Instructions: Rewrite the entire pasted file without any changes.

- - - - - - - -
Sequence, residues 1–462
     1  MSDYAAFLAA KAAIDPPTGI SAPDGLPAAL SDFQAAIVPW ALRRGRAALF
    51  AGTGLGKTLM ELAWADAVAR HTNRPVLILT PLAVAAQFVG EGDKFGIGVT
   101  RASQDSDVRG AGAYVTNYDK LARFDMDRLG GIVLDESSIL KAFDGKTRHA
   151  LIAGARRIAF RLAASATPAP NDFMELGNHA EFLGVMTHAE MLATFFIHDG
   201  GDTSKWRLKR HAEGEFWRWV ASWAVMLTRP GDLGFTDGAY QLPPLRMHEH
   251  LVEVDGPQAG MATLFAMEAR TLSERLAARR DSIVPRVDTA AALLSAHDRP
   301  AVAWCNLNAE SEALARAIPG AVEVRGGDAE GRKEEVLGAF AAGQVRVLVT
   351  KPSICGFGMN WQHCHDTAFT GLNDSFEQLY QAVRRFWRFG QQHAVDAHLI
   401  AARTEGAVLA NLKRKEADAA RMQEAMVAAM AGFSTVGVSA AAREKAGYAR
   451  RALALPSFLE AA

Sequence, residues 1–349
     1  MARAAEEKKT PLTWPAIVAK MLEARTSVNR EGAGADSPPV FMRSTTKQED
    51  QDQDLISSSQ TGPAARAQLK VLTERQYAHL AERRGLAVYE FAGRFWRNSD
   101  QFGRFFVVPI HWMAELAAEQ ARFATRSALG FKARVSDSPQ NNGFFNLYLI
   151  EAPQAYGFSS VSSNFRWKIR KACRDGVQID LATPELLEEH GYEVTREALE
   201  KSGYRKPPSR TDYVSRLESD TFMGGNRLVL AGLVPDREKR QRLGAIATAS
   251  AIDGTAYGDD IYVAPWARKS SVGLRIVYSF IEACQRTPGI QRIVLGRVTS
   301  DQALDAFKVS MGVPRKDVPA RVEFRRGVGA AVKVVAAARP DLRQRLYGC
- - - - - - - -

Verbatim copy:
Sequence, residues 1–462
     1  MSDYAAFLAA KAAIDPPTGI SAPDGLPAAL SDFQAAIVPW ALRRGRAALF
    51  AGTGLGKTLM ELAWADAVAR HTNRPVLILT PLAVAAQFVG EGDKFGIGVT
   101  RASQDSDVRG AGAYVTNYDK LARFDMDRLG GIVLDESSIL KAFDGKTRHA
   151  LIAGARRIAF RLAASATPAP NDFMELGNHA EFLGVMTHAE MLATFFIHDG
   201  GDTSKWRLKR HAEGEFWRWV ASWAVMLTRP GDLGFTDGAY QLPPLRMHEH
   251  LVEVDGPQAG MATLFAMEAR TLSERLAARR DSIVPRVDTA AALLSAHDRP
   301  AVAWCNLNAE SEALARAIPG AVEVRGGDAE GRKEEVLGAF AAGQVRVLVT
   351  KPSICGFGMN WQHCHDTAFT GLNDSFEQLY QAVRRFWRFG QQHAVDAHLI
   401  AARTEGAVLA NLKRKEADAA RMQEAMVAAM AGFSTVGVSA AAREKAGYAR
   451  RALALPSFLE AA

Sequence, residues 1–349
     1  MARAAEEKKT PLTWPAIVAK MLEARTSVNR EGAGADSPPV FMRSTTKQED
    51  QDQDLISSSQ TGPAARAQLK VLTERQYAHL AERRGLAVYE FAGRFWRNSD
   101  QFGRFFVVPI HWMAELAAEQ ARFATRSALG FKARVSDSPQ NNGFFNLYLI
   151  EAPQAYGFSS VSSNFRWKIR KACRDGVQID LATPELLEEH GYEVTREALE
   201  KSGYRKPPSR TDYVSRLESD TFMGGNRLVL AGLVPDREKR QRLGAIATAS
   251  AIDGTAYGDD IYVAPWARKS SVGLRIVYSF IEACQRTPGI QRIVLGRVTS
   301  DQALDAFKVS MGVPRKDVPA RVEFRRGVGA AVKVVAAARP DLRQRLYGC